I Hate Bass Fishing!

Given the choice of choosing between bass fishing and watching old game show reruns on TV, I’m afraid I would have to select the latter as my entertainment for the week! My tastes in angling run toward those species that are more eager to be caught

than the wily bass. I like to dangle my bait in the water and let a hungry fish drift by and grab it; nothing much more energetic than that!

Before you can do anything about bass fishing, you have to have a boat. This type of fishing seems to operate on the premise that if you can see them, they can see you and they won’t bite. This makes fishing from shore impossible; you have to sneak up on them from the middle of the river or lake. Unless you have a boat, you can’t really call yourself a bass fisherman!

Purchasing a boat and motor is not an easy job. First of all the prices that are being charged for new bass boats are astonishing! My first house didn’t cost nearly as much as a decent boat costs today. Once you recover from sticker shock and you buy a boat and motor, it will have to be outfitted with a trolling motor, depth finder, and other incidentals you really need to hunt down the elusive bass.

When I’m on the lake or beach, I expect my fish to bite the bait I throw at them. Mostly I just watch the bobber dancing on the water and wait until it goes under. That is not the case with bass fishing aficionados. You have to have a large variety of lures in your tackle box if you’re going to fill up the deep well in your brand new boat. Selecting the right type of bait not only is necessary; it’s expensive!

If you troll around the lake with a minnow and hook, you’re not considered a real bass fisherman. Unless your tackle box contains at least a couple of hundred dollars of bass lures, you’re not a member of the club. I fully suspect that most of these lures catch more fishermen than fish.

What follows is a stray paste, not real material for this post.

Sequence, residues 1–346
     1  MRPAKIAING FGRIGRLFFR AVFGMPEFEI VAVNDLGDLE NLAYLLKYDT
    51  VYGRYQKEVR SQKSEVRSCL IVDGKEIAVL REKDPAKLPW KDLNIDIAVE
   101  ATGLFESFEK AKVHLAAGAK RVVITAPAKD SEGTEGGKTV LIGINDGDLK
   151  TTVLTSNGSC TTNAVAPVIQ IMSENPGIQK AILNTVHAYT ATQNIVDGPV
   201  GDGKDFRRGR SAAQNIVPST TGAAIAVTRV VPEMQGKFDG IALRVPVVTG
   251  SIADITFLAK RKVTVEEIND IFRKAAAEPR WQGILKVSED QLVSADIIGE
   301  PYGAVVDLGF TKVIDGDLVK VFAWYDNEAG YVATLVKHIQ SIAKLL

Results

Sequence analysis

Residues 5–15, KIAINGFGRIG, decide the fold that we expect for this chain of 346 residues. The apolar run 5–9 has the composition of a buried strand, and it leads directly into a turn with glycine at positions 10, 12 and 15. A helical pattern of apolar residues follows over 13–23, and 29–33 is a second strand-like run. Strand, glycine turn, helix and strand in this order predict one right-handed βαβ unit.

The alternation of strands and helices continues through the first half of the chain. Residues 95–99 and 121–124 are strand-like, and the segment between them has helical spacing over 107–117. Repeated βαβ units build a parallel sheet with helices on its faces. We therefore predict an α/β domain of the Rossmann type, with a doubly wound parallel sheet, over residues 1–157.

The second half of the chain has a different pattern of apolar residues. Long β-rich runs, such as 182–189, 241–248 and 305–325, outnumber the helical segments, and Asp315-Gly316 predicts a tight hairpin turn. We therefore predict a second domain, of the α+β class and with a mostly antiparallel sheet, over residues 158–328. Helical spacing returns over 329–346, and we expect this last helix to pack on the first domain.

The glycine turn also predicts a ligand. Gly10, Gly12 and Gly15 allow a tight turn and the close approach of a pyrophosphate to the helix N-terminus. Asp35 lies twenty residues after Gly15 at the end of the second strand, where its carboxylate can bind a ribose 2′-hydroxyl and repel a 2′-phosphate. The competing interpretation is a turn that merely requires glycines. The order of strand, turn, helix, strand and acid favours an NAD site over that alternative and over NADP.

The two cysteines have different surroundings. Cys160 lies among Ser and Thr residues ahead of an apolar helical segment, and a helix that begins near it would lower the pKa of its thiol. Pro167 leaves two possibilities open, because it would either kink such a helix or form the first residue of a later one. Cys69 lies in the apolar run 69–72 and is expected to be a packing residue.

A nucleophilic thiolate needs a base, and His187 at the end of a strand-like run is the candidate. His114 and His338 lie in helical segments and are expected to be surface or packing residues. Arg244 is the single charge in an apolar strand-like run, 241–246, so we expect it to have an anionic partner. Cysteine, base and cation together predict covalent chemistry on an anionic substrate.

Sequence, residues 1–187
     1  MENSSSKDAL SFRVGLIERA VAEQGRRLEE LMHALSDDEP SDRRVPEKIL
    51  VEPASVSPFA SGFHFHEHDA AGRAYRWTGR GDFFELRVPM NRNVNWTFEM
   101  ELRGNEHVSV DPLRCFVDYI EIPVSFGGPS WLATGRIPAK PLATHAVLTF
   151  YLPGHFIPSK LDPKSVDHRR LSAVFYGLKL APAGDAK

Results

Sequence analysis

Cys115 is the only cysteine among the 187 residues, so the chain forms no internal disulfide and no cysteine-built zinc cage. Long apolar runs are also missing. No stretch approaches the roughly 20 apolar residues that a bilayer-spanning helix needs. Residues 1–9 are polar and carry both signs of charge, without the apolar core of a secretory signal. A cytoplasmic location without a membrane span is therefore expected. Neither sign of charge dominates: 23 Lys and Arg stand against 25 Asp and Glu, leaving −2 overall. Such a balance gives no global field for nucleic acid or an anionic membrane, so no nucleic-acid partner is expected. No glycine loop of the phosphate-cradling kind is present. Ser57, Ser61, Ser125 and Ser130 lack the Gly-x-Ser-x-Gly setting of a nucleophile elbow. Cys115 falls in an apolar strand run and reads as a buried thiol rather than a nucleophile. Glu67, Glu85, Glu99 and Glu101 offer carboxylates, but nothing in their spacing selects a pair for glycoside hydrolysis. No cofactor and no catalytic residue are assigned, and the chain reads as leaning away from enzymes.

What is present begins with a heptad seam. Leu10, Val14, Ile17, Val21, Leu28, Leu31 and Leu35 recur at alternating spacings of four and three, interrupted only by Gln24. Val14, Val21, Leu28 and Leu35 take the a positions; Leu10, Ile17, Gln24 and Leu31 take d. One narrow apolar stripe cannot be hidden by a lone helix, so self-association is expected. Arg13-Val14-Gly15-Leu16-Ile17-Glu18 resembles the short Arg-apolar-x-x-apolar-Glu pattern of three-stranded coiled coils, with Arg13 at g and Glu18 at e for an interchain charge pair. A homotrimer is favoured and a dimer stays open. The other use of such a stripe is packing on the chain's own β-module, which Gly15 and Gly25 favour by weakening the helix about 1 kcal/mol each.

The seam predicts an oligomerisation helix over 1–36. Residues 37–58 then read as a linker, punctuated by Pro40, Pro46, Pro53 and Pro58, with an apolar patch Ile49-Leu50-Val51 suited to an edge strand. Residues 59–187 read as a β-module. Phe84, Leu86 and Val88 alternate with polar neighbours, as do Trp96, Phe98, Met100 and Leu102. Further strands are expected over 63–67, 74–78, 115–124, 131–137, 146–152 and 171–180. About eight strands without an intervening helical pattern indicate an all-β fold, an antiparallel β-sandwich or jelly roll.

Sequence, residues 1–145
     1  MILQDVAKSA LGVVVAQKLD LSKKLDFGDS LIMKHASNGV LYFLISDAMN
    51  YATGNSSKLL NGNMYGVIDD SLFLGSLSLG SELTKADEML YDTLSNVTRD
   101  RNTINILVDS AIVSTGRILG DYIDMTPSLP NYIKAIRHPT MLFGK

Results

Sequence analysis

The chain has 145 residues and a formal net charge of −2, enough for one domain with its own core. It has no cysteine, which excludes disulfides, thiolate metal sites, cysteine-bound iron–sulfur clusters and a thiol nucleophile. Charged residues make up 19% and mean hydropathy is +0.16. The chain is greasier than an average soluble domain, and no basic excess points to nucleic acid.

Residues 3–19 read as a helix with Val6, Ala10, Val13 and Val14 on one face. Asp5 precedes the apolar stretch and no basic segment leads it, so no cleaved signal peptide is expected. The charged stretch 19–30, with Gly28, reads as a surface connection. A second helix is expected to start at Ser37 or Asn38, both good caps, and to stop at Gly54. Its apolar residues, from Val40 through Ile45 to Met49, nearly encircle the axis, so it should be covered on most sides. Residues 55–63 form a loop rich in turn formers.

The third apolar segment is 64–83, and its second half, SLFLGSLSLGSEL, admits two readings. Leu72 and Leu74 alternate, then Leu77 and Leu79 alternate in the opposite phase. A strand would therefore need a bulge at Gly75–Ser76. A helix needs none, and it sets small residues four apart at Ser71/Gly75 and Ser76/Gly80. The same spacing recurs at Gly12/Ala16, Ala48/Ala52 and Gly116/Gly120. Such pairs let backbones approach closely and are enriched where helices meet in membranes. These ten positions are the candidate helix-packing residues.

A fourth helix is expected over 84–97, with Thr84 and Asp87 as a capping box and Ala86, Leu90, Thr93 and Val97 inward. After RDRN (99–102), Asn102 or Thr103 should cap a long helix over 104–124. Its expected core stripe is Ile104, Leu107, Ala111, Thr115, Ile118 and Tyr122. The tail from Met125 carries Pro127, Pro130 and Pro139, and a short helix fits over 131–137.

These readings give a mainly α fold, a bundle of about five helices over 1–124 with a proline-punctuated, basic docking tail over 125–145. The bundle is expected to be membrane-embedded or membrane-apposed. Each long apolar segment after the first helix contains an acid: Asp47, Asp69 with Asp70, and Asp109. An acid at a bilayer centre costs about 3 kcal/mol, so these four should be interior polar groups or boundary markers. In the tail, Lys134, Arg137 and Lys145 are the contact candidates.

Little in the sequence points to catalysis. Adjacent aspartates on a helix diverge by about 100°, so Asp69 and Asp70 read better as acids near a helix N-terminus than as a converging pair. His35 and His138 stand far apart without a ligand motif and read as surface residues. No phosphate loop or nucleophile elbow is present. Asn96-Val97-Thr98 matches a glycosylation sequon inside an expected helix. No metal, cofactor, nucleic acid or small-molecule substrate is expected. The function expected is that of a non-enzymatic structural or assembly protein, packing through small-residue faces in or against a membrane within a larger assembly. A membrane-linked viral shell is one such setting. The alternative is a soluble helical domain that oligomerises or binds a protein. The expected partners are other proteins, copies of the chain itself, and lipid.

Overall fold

Picking the right lure is a chore when there are so many to choose from. There are swim baits, crank baits, jerk baits, twitch baits, slash baits, spinner baits and worms. Then you have worms in just about every size, shape and color combinations you could ever possibly imagine. In this category you also have lizards, grubs, shads, crawfish, mice and frogs, all in squeezably soft plastic. I’m not bass socially correct because I still use minnows!

Just buying bait can be a traumatic experience. I never like to engage in unnecessary thinking and thoughts about having to choose among the thousands of lures available are making me crazy!

Fishing clothes are a different matter entirely. Gone are the days when you would see a bass boat with a couple of guys in T-shirts and denim cutoffs tossing a lure near a tree stump. Today’s fashionable fisherman will be wearing a fishing shirt with large pockets on the front of the shirt and with epaulets on the shoulders. The shirt would come in a variety of colors, from peach to canary yellow.

Regular shorts won’t work anymore. Bass fishermen of today must wear nylon fishing shorts, with cargo pockets to carry nutrition bars and powdered drink mixes to pour into their bottled water. The bottoms of the shorts are made of nylon mesh in case the wearer is thrown out of the boat and has to swim for his life. If that occurs he’ll be suitably attired when he is dragged out of the water by rescuers.

Other considerations for the bass fisherman are his choice of rods and reels and fishing line. Bass rods come in a variety of categories; flipping rods, jerk rods, short rods and long rods. Reels suitable for bass fishing also come in different models. To make sure you have the right one, you should buy one of each and have them outfitted and stored on your boat. Whether you catch anything or not, you’ll impress other fishermen when you meet them on the water.

By nature I’m a simple man and bass fishing has become too complicated for me. I’ll just doze underneath a shade tree and wait for a fish to tug on the line tied to my big toe.

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